[CT Birds] thoughts on junco

Mark Szantyr birdinggeek at gmail.com
Sun Nov 18 17:11:16 EST 2012

I was unable to get to the bird today but i did see another image of it. I am pretty sure it is an Oregon-type junco and I would never be so bold as to guess which SSP. I believe it is a hatch-year bird, not totally sure of its sex but think female. Many oregons in the east look like this bird, I think. 


On Nov 18, 2012, at 4:37 PM, greg hanisek <ctgregh at yahoo.com> wrote:

> I was able to observe the East Shore junco on 2 different occasions and in different light and from different angles this morning. There's only about one thing I'm willing to say with a good degree of certainty - it's not a standard "Slate-colored" Junco. What it is beyond "junco" probably cannot be determined for reasons cited by Mark, not the least of which is the fact we're seeing it away from its breeding grounds, which of course are unknown to us. Mark pointed out a very salient fact - range is a key factor in identifying subspecies.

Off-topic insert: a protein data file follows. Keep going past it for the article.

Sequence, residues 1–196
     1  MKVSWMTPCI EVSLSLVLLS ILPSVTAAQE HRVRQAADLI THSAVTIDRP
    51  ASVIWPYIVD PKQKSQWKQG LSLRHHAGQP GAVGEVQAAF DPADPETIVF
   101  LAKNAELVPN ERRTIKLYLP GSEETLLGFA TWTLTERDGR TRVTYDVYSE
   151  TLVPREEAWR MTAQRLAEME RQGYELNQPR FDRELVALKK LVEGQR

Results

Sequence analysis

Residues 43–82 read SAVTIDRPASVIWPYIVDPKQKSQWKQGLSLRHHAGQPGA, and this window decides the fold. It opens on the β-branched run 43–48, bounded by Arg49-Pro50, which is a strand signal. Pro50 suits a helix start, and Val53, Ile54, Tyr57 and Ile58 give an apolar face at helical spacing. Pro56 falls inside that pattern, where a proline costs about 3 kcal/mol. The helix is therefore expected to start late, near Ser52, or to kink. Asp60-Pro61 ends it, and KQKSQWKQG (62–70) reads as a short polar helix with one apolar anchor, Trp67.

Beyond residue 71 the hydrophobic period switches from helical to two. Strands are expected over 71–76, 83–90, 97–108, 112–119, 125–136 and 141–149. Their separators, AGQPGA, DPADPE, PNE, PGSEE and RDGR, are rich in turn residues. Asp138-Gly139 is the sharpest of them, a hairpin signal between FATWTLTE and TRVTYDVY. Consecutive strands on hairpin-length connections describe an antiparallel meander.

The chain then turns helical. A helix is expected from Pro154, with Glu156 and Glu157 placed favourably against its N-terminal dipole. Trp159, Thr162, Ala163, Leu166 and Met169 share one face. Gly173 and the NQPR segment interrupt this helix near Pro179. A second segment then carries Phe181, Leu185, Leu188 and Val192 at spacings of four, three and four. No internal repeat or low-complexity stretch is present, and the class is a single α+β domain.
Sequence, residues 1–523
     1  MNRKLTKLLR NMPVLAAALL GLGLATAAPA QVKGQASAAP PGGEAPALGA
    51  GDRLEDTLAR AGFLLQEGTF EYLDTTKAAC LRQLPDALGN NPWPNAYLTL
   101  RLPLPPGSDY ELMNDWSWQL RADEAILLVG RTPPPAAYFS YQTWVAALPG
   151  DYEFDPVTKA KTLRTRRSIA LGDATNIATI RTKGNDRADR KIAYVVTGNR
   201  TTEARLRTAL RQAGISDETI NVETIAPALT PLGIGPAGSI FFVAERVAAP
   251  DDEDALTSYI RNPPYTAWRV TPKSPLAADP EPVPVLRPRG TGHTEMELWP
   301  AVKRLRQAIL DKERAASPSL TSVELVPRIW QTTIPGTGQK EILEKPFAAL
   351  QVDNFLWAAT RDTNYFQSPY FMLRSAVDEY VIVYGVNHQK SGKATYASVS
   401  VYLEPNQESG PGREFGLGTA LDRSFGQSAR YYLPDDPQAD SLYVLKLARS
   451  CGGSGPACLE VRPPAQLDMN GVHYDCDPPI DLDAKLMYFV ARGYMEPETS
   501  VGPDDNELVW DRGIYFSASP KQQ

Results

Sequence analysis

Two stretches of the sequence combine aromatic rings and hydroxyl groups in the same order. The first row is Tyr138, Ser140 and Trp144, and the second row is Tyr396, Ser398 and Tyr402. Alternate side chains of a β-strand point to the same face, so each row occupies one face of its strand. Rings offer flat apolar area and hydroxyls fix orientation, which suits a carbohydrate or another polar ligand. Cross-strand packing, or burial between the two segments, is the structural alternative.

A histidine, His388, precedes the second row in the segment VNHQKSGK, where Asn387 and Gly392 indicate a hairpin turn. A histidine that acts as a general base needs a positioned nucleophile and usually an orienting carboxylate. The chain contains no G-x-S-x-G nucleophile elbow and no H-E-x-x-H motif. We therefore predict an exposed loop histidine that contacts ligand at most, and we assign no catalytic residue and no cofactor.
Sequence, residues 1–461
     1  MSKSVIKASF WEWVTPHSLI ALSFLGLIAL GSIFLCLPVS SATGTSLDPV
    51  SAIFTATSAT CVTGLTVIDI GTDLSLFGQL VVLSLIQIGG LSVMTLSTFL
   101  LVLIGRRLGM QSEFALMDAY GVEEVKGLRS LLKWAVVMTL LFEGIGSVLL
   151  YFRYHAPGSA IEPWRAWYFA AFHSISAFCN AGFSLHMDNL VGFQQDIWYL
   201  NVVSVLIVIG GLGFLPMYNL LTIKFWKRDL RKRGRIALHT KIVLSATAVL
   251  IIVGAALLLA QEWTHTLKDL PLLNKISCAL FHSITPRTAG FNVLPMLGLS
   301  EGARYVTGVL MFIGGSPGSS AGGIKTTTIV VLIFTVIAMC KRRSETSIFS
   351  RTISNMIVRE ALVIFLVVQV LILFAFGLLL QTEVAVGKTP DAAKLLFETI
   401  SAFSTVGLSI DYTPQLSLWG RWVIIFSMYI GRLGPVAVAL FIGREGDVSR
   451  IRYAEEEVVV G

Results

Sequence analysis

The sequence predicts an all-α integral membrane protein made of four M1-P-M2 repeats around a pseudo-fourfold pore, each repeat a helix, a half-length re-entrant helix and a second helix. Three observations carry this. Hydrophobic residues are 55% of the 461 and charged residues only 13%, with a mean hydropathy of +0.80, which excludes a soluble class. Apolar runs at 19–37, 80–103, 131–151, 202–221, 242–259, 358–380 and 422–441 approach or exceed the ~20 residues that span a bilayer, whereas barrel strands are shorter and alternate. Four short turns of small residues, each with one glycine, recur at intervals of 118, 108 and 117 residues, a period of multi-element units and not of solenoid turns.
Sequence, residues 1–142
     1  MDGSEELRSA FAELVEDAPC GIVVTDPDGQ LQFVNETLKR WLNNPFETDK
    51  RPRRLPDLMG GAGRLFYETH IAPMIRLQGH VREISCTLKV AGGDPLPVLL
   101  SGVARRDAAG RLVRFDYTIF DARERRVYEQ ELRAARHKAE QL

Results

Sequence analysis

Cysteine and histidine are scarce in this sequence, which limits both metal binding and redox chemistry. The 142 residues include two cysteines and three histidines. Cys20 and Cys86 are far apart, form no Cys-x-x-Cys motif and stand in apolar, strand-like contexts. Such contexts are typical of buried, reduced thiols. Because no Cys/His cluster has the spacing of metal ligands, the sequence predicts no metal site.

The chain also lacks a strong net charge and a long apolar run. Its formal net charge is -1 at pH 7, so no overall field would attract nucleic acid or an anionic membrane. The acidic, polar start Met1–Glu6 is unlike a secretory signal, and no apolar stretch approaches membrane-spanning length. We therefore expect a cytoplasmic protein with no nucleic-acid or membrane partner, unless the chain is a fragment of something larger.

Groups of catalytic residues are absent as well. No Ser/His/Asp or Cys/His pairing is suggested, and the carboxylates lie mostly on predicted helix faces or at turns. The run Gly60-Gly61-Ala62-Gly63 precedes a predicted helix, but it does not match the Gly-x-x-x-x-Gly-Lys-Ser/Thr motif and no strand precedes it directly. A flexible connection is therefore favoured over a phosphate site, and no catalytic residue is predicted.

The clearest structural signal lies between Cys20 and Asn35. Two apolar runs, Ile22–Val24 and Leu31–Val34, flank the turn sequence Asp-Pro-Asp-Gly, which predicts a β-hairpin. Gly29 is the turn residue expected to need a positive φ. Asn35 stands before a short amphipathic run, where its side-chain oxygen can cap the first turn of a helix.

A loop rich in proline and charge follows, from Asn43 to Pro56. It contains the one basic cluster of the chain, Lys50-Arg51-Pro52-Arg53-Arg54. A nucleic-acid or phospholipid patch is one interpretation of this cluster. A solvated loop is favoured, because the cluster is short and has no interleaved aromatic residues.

> Here's what I saw. The bird seemed nicely hooded once you saw it from enough angles and the hood overall appeared a smooth pale gray. The back and flank colors seemed much less consistent depending on lighting and angle of view. The back definitely appeared brown and contrasted with the gray nape, but generally it didn't seem especially rich or to have much in the way of reddish tone.
> The flanks really changed in appearance with angle and light. We first say the bird on the ground in heavy cover, facing us. From their the pinkish-buffish color at the breast side was pretty apparent, but it was hard to see farther back on the flanks. The bird moved so that we were looking at the rear flanks from the back at an angle. At that time I was convinced there really wasn't any buff there. However, it eventually flew and landed in good light, where a full profile view did show fairly wide and long pinkish-buffish sides. A photo taken then showed the same.
> Looking back now I suspect that there are grayish feathers mixed into the pinksih-buffish which contribute to the mutable aspect of that area. (Mark - I believe you've drawn some conclusions in the past from a gray admixture, but I don't want to put words into your mouth).  
> Interesting bird that I was happy to see and perfectly comfortable leaving without a trinomial.
> Greg Hanisek
> Waterbury
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